Bluestone, Daniel M. 1991. “‘The Pushcart Evil’: Peddlers, Merchants, and New York City’s Streets, 1890–1940,” Journal of Urban History 18 (1): 68–92. DOI: 10.1177/009614429101800104.

Bromley, Ray. 2000. “Street Vending and Public Policy: A Global Review,” International Journal of Sociology and Social Policy 20 (1/2): 1–28. DOI: 10.1177/0739456X10386379.

Carr, James H., and Lisa J. Servon. 2008. “Vernacular Culture and Local Economic Development:

Thinking Outside the (Big) Box,” Journal of the American Planning Association 75 (1): 28–40. DOI:


City of Chicago. 2012. “34 Start Application Process for Food Truck Licenses in First Week After Ordinance Passes.” Press release, August 10. http://www.cityofchicago.org/city/en/depts/mayor/ press_room/press_releases.html.

Cross, John C., and Alfonso Morales. 2007. Street Entrepreneurs: People, Place and Politics in Local and Global Perspective. London, United Kingdom: Routledge.

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Crotty, Sean. 2014. “The Social Geography of Day Labor: Informal Responses to the Economic Downturn,” Yearbook of the Association of Pacific Coast Geographers 76: 22–48.

Dawkins, Nicole. 2011. “Do-It-Yourself: The Precarious Work and Postfeminist Politics of Handmaking (in) Detroit,” Utopian Studies 22 (2): 261–284.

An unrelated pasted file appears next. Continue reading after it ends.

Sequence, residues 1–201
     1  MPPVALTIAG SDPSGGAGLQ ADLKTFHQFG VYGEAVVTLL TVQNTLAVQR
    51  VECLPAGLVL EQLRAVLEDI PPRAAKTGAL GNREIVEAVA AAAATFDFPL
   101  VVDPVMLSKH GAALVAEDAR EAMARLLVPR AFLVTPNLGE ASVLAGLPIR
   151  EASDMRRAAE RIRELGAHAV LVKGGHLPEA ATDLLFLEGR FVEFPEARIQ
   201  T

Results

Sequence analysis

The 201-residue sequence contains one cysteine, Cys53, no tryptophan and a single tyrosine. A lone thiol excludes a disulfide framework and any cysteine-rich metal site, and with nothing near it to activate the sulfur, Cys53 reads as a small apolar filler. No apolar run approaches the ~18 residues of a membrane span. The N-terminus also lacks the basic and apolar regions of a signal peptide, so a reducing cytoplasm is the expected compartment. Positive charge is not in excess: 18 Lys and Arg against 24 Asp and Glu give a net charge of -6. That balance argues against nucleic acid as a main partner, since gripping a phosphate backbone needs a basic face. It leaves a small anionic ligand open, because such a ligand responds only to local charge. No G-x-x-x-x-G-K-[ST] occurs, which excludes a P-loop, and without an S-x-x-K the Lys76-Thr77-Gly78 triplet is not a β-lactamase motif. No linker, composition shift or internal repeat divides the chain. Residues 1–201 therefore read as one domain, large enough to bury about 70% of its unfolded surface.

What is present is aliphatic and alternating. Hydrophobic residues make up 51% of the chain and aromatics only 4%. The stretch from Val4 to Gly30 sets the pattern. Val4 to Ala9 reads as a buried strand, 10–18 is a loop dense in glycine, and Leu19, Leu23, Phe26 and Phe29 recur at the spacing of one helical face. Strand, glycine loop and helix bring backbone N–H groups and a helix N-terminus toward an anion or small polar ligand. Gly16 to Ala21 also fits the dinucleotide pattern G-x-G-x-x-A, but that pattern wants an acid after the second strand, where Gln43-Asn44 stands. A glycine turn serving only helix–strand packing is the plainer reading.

Devlin, Ryan. 2011. “‘An Area That Governs Itself’: Informality, Uncertainty, and the Management of Street Vending in New York City,” Planning Theory 10 (1): 53–65. DOI: 10.1177/1473095210386070.

Donovan, Michael G. 2008. “Informal Cities and the Contestation of Public Space: The Case of Bogotá’s Street Vendors, 1988–2003,” Urban Studies 45 (1): 29–51. DOI: 10.1177/0042098007085100.

Economic Roundtable, The. n.d. “Economic and Geographical Impact of LA Street Vendors.” http://economicrt.org/current-projects/economic-and-geographical-impact-of-la-street-vendors/.

Ehrenfeucht, Renia. 2012. “Precursors to Planning: Regulating the Streets of Los Angeles, California, c 1880–1920,” Journal of Planning History 11 (2): 107–123. DOI: 10.1177/1538513211428275.